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The Weekend Links

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"¢ If you are one of those savvy TV viewers who gives a knowing nod when, say, Britney Spears or Cher suddenly shows up on your favorite network show ("sweeps!" says I), some of these ridiculous celebrity cameos will probably look familiar.

"¢ The ultimate show of fandom—how about a person who makes the entire Godfather script into a piece of art? I tried to do the same thing with Drillbit Taylor, and have been banned for life from the LA art scene.

"¢ Sure, talk of third ears and buttocks injections are all fun and games when you're talking about jocks ... but what about geeks? Slate.com reports on the rampant use of "enhancement" drugs by a faction of the populous you may not expect.

"¢ Sometimes it's just best to walk away: a story on why, forty years ago, LBJ chose to bow out.

"¢ Reader Lance directs our attention to WiseGeek.com, host to a sundry of interesting queries. Sometimes they compile information, but the best is when they go searching for it, such as how to make the most of an all-you-can-eat buffet...

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...and which pro sports teams fail to own their own domain names.

"¢ A story on the strange power of slow-mo that offers up clips and history on the process that makes the mundane become so gloriously dramatic.

"¢ It was a big deal at Emory when they added a Visual Arts minor, but what if you could major in a person? Say ... Joe Pa? ESPN Page 2's dubious sources have uncovered a test from Penn State for those taking the Joe Paterno class.

"¢ After being saturated by news of the pregnant man, here's a fresh look at the matter: a blogger who takes on a labor of love—24 hours of male pregnancy.

"¢ This oldie but goodie, just because.

"¢ An in-depth look at some of the theories on how Deja Vu works. I experience it myself from time to time ... just a glitch in the Matrix, right?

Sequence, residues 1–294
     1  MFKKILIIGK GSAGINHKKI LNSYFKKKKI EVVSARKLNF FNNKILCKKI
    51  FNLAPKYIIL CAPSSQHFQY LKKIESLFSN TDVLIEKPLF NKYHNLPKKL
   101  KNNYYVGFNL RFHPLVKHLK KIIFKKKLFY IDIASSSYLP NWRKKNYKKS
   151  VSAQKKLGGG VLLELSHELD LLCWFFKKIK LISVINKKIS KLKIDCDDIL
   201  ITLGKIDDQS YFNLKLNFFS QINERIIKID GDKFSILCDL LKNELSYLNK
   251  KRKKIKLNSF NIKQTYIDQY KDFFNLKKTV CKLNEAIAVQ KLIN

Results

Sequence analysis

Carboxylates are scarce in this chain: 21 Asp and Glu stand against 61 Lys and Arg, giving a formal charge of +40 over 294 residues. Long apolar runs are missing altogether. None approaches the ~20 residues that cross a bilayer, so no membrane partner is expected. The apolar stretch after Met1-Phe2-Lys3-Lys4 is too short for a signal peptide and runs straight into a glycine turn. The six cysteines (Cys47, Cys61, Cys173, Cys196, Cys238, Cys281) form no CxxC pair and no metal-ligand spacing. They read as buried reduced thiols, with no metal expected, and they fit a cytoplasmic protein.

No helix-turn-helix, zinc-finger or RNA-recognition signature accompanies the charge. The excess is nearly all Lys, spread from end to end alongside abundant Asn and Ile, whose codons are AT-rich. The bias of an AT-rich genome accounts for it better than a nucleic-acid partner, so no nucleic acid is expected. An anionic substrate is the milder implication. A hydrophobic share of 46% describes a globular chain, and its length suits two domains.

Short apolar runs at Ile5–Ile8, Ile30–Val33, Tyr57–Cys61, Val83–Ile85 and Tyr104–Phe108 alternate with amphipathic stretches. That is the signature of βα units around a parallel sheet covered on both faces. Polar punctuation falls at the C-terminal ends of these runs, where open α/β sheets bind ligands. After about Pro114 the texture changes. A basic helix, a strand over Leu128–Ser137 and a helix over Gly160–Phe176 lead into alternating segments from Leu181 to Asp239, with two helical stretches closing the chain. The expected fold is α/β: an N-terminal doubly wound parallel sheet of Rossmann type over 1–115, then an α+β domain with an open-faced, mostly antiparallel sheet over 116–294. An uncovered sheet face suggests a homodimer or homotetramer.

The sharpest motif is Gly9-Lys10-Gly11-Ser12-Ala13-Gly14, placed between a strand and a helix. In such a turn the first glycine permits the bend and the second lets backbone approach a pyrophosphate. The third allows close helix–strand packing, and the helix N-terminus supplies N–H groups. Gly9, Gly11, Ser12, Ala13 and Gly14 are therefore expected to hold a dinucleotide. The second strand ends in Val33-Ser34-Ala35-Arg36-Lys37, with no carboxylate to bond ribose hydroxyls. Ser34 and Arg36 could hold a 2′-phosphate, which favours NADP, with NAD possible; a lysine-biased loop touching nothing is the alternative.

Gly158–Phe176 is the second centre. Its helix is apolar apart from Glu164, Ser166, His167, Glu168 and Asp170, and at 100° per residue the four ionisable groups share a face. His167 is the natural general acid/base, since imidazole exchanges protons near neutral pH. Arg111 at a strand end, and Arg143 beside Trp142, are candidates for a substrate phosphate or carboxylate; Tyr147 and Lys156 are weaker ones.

"¢ Ah, now this is what I log on for. Radar counts down 10 personalities we love to hate on the internet. Would you rather be loved and forgotten, or hatefully remembered? Most of these people would probably choose the latter (but not Tony K, I love that guy). [via GorillaMask.net]

"¢ Yikes—some truly terrifying comic book covers from the 1950s. Would these be allowed today? Imagine the Congressional hearings ... (via blogs.usatoday.com/popcandy)

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"¢ More good stuff from WebUrbanist: 8 Remarkable Palace, Fort and Castle Hotels: Living it Up in (Ancient) Luxury Around the World. Can we convince this guy to guest blog for us?

"¢ Great list of pet peeves from McSweeney's. Some are funny, but you may find some to be very familiar and true (Thanks Stuart!)

"¢ If you haven't heard about the Chinese Democracy album and Dr Pepper's promise of one beverage for every American if it's ever released, educate yourself on the latest happenings. (Much thanks as always to Kevin).

"¢ As Jerry Seinfeld says, "There's no such thing as dry cleaning. There's no way of cleaning with dry. If I gave you a filthy shirt and said, 'I want this immaculate. And no liquids!' what are you going to do? Shake it? Tap it? Blow on it? Give me a break. You almost can't get something dirty with dry, let alone cleaning it." Here's a clip on the science of dry cleaning and how it can be environmentally friendly ... but yeah, using liquids.

OK guys, I go into the link trenches every week to suffer out the link mines (and make my friends do the same), so help a comrade out! Send in your links and internet oddities to FlossyLinks@gmail.com. Helping me, helping you.

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Animals
25 Benefits of Adopting a Rescue Dog